Online Harms Bill, Food and Class, Talking about Climate Change
Caroline Dinenage MP, digital minister, on the long-delayed Online Harms Bill and the new rules for tech firms. Food historian Pen Vogler on class and food.
The government’s long delayed full response to the online harms white paper will be published today. New rules will be introduced for tech firms which allow users to post their own content. Firms who fail to protect people face fines of up to ten percent of turnover or the blocking of their sites. Popular platforms will be held responsible for tackling both legal and illegal harms and all platforms will have a duty of care to protect children using their services from being exposed to harmful content. Jane Garvey talks to the Minister in charge of steering the bill through the House of Commons Caroline Dinenage.
Food historian Pen Vogler, author of Scoff, puts our eating habits under a microscope and reveals how they are loaded with centuries of class prejudice. As she says, "most Brits could read a shopping basket as though it were a character sketch: Typhoo or Earl Grey, Kingsmill or sourdough". If, she says, we spent less time scoffing at other people's eating habits and more time thinking about how everyone could have the same access to good food, then maybe Britain's reputation for bad food could be a thing of the past.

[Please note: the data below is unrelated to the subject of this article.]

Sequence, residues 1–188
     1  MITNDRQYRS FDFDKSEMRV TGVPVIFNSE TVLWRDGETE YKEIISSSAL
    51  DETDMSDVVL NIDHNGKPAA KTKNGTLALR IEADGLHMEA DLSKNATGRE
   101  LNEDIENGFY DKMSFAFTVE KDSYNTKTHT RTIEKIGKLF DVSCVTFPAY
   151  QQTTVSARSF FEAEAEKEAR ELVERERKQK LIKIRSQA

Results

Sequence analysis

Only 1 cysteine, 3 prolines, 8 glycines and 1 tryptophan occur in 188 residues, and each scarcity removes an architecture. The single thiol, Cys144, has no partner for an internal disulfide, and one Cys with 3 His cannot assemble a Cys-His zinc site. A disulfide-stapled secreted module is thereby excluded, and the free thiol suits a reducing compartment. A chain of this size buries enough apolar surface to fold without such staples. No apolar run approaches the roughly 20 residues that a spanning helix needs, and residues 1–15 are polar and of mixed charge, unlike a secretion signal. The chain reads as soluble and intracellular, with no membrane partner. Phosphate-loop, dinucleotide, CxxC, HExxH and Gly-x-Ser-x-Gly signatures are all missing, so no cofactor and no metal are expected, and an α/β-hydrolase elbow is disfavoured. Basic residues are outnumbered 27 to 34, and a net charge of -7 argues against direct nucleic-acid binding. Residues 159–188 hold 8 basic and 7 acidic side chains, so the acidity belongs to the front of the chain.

The way we understand and talk about climate change has shifted dramatically in the past couple of years. To discuss why, Jane speaks to three women from this year's Power List - physicist and climate researcher Prof Joanna Haigh; one of the leads from the Climate Assembly Prof Rebecca Willis; and Guardian Environment Correspondent Fiona Harvey.
Presenter: Jane Garvey
Producer: Lucinda Montefiore